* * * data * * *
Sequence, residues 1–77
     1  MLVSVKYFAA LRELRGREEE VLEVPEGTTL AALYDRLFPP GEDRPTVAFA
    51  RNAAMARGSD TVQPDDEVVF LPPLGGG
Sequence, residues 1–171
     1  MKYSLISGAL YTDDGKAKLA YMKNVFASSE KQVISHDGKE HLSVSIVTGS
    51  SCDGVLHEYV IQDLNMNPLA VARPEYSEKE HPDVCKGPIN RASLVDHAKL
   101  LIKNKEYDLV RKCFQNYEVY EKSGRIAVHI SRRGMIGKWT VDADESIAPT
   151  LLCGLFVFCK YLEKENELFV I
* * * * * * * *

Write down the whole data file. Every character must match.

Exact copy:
Sequence, residues 1–77
     1  MLVSVKYFAA LRELRGREEE VLEVPEGTTL AALYDRLFPP GEDRPTVAFA
    51  RNAAMARGSD TVQPDDEVVF LPPLGGG
Sequence, residues 1–171
     1  MKYSLISGAL YTDDGKAKLA YMKNVFASSE KQVISHDGKE HLSVSIVTGS
    51  SCDGVLHEYV IQDLNMNPLA VARPEYSEKE HPDVCKGPIN RASLVDHAKL
   101  LIKNKEYDLV RKCFQNYEVY EKSGRIAVHI SRRGMIGKWT VDADESIAPT
   151  LLCGLFVFCK YLEKENELFV I